Home » Bowerbird?

Bowerbird?

Some of our customers have asked, "Why did you choose the name Bowerbird & Company?"

Well, maybe a bit of history will help . . .

My father owned and operated an immense junkyard for over 45 years in San Diego, California. His inventory was extensive and covered nearly 8 acres. Customers were always picking through his unique merchandise and admiring his stash of stuff and wondering how he managed to collect so many odd and unusual things.

Among his list of shoppers, there were always the artist types and creative folks that spent many hours browsing around in search of that rare object that would make their window display stand out or complete their work of art. He even had an art class visit every year for a few days, setting up their easels to paint the landscape of miscellaneous junk artifacts.

At one point I found myself in college, working summers at the junkyard, and trying to figure out what I wanted my major to be. I had always dabbled in art, first photography, then painting and collage work, but as I wandered around the property one summer, getting inspired being around all the discarded merchandise that my father was trying to recycle, I realized I just had to do something with all those wonderfully rare items he had been saving!

After I changed my major to art and began working closely with faculty, I was accepted into the honors art program and given my own studio. This meant that I had ample space to spread out and I made many trips down south to search through all my dads salvage in hopes of finding unique items to add to my studio space. I became an assemblage artist, collector of odd junk, and I had a number of shows, exhibiting my scrap sculptures and creative castoffs.

After so many years in business, my fathers yard was permanently closed due to city progress and development. Unfortunately, his inventory was hauled to the dump. As a true recycler, this was especially difficult for my dad, since he knew someone couldve used just about every little thing he had saved all those years, had they been given the opportunity.

Art 1Art 2

At about the same time, I was getting hooked on birds! I joined my local Audubon chapter, helped with a Christmas Bird Count, and began volunteering my time at a local park preserve. I assisted with beach cleanups, helped out with native plant counts, worked at the parks visitors center and gift shop, and gave time to their successful nest box program collecting data on birds. Birding gave me a whole new outlet. I made some good friends and joined in on some incredible birdwatching trips. Getting outdoors and volunteering was so rewarding, I decided I needed to create a company that could give something back to the birds full time.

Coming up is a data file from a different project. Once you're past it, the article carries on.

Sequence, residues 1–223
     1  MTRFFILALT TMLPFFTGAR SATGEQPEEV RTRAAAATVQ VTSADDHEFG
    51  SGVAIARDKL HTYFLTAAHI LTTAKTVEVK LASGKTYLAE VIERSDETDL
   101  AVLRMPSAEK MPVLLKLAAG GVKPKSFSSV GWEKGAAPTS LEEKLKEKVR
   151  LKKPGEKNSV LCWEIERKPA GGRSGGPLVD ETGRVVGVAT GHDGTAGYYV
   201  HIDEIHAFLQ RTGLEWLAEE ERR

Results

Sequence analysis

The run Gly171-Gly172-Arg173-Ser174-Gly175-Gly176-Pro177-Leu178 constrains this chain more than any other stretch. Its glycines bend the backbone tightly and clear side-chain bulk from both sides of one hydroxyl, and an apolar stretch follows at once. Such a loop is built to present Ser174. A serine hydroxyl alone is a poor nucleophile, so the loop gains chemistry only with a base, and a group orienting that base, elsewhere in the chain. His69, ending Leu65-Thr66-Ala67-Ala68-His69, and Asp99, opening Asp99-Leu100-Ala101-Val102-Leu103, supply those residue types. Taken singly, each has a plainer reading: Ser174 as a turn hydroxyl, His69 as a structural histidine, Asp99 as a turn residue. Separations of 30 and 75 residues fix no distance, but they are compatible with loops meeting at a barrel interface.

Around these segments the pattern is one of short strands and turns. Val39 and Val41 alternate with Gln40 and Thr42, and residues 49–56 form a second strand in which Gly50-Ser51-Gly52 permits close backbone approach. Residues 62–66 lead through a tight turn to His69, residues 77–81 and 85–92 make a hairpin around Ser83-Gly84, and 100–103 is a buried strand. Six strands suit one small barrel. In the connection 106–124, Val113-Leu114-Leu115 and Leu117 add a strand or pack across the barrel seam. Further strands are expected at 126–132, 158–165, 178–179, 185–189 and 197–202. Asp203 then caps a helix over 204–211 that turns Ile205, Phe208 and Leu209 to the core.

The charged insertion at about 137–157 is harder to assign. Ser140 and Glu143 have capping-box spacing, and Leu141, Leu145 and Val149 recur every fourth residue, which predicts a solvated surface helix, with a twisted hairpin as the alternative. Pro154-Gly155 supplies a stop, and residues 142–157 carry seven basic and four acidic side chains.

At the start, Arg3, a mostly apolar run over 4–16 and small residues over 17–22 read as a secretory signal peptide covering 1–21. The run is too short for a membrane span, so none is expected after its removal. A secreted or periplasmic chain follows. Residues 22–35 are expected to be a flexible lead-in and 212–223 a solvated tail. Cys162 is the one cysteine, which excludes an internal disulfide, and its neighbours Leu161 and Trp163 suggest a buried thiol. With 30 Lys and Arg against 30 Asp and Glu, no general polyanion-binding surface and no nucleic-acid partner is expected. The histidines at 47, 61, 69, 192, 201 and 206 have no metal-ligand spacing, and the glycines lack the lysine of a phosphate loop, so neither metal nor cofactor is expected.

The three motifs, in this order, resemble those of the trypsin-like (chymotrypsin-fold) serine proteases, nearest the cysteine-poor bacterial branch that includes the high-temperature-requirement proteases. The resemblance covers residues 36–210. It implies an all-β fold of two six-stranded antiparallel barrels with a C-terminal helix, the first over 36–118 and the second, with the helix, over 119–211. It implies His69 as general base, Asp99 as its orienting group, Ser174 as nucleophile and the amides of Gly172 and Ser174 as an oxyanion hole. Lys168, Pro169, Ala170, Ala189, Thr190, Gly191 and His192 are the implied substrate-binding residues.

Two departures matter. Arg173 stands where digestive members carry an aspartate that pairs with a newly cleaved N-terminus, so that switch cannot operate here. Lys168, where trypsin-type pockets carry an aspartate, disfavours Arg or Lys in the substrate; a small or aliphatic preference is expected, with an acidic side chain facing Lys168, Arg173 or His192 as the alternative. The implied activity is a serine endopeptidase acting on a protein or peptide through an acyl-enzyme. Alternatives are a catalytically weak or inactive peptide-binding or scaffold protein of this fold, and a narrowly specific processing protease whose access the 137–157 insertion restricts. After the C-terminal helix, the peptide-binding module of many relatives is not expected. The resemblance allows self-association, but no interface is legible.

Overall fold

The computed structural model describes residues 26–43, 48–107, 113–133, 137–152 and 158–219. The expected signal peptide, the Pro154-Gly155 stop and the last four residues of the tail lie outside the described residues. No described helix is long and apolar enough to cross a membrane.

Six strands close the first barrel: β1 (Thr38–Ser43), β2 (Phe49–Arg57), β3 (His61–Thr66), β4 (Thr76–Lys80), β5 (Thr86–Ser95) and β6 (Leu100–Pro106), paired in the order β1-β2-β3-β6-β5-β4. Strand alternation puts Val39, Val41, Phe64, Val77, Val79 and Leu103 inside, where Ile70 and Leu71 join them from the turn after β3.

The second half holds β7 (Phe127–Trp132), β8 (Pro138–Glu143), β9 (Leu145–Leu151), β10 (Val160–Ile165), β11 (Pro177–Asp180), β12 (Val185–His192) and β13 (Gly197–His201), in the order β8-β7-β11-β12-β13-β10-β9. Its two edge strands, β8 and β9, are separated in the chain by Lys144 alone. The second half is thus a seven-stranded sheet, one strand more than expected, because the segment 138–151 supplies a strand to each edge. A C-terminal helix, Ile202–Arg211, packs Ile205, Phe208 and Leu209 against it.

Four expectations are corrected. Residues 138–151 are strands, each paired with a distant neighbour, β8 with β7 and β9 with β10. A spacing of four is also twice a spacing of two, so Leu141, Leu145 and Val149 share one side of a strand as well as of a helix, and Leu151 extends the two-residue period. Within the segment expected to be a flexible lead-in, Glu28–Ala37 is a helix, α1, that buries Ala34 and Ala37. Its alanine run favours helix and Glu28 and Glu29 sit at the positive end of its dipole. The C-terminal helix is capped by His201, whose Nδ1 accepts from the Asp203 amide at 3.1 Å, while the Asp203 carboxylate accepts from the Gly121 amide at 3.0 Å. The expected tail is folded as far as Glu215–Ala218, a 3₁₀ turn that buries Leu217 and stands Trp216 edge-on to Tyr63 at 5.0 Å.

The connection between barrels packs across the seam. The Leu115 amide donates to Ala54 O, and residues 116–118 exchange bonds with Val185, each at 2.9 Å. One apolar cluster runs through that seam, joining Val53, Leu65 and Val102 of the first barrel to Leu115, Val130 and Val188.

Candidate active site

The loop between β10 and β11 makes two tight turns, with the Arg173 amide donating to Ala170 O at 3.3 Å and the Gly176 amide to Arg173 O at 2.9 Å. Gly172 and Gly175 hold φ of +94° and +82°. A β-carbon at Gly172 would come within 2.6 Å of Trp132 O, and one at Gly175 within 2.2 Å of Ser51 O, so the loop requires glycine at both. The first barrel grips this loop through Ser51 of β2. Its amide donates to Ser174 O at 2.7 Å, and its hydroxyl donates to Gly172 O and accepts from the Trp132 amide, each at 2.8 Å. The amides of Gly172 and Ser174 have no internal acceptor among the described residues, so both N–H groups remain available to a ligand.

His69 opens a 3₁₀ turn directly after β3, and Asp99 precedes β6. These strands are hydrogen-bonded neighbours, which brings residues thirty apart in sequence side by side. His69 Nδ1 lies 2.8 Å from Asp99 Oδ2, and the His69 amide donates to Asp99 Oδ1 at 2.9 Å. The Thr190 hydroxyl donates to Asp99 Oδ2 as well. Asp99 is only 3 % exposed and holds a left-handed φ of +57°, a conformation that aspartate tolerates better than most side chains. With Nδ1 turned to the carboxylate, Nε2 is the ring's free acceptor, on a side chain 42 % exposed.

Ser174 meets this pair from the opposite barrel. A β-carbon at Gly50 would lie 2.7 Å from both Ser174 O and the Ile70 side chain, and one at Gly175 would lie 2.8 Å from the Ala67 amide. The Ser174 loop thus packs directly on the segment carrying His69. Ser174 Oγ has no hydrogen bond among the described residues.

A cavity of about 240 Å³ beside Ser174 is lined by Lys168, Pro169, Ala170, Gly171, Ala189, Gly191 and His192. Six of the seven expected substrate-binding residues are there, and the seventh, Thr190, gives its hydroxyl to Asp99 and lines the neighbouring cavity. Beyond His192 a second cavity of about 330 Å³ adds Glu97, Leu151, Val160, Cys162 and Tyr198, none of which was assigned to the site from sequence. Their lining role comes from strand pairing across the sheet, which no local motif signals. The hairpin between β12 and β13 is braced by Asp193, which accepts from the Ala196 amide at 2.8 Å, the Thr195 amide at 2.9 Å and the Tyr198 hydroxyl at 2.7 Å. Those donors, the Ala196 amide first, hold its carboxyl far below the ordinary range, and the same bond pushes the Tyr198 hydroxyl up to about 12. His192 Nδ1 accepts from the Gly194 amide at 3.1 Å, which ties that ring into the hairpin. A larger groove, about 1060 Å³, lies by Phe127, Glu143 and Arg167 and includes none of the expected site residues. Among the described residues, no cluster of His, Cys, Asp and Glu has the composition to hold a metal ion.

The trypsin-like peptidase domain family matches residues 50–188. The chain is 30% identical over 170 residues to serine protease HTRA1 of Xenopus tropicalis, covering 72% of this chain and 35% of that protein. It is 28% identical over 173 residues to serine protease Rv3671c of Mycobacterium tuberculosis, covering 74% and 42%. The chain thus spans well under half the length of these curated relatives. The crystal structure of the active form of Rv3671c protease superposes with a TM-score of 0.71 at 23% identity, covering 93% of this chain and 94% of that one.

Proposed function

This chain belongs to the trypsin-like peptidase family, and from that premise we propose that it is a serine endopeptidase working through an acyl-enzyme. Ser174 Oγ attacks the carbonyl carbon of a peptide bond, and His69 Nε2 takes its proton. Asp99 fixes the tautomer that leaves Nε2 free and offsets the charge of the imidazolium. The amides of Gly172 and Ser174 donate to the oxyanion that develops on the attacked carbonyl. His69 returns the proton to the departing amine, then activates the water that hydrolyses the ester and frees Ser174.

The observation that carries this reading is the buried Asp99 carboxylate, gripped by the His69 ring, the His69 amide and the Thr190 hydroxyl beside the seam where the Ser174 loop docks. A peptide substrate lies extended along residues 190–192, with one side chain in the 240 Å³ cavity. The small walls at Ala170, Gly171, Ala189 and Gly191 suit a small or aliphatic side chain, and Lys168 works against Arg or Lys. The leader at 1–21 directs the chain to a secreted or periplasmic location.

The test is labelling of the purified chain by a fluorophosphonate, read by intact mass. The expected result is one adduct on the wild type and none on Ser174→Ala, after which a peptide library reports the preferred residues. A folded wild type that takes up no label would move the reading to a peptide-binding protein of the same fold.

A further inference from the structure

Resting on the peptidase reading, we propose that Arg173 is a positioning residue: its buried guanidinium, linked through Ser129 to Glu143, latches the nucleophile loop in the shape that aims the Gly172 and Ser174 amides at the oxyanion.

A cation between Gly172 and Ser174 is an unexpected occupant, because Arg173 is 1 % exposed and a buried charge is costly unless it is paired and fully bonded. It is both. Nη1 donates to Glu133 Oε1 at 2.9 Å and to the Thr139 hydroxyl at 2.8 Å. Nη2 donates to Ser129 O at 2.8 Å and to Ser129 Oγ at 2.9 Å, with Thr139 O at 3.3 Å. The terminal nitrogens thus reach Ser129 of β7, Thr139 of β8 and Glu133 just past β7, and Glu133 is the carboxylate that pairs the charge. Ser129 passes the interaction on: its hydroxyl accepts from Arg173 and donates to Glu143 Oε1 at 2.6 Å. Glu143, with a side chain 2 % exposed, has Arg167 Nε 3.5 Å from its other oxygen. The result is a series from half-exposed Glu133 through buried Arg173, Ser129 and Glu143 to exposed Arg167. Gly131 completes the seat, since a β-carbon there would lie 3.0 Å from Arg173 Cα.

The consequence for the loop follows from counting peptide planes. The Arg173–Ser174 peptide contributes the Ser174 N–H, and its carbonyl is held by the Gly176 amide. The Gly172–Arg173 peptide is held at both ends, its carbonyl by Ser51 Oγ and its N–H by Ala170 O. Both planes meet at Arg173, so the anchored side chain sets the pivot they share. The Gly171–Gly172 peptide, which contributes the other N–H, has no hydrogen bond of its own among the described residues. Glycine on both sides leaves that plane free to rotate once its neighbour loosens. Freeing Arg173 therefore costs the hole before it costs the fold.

So, as I settled down and fished around for a name for the little eco-friendly bath and body business I was starting, I decided to find a bird that represented me, and our companys values and ethics, and use that bird as a mascot for the entire business. I think we all do that from time to time: Find an animal or creature on this earth to identify with that represents our true nature. So, after being introduced to the incredible Bowerbird and researching its habits and creative talents, I knew this avian artist was a bird I could identified with and a perfect symbol to model our companys environmental outlook after.

The Bowerbird can only be found in Australia and Papua New Guinea. There are 17 different types of Bowerbirds in the Ptilonorhynchidae family. Just recently an expedition team of researchers and scientists rediscovered the lost Golden-fronted Bowerbird in the isolated forests of western New Guinea that ornithologists had thought extinct since the 1890s. That was exciting news!

Bowerbird males are incredible assemblage artists and natural recyclers. Full of romantic notions, these Casanovas kick it into high gear around breeding time, preparing a decorative staging area with hundreds of found objects and choreograph a special courtship dance to woo the female Bowerbird. Once she arrives to the mating grounds to inspect the elaborate bower and have a look at her potential beau, the male Bowerbird struts his stuff at the entrance and tries to entice her into the cozy art studio (a.k.a. palace of love) he has constructed. He will dance about, sing, sometimes flap his wings, and throw out loud calls and skilled vocalizations to impress her.